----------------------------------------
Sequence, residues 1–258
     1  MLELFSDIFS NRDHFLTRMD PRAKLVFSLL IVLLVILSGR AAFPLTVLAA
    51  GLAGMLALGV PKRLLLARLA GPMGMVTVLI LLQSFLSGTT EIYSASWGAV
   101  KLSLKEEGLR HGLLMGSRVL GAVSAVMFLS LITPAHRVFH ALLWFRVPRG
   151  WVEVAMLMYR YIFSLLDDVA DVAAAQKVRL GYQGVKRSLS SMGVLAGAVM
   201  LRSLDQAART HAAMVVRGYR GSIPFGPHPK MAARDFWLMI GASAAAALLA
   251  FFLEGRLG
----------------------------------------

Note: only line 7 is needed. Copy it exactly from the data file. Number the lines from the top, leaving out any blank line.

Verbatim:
   251  FFLEGRLG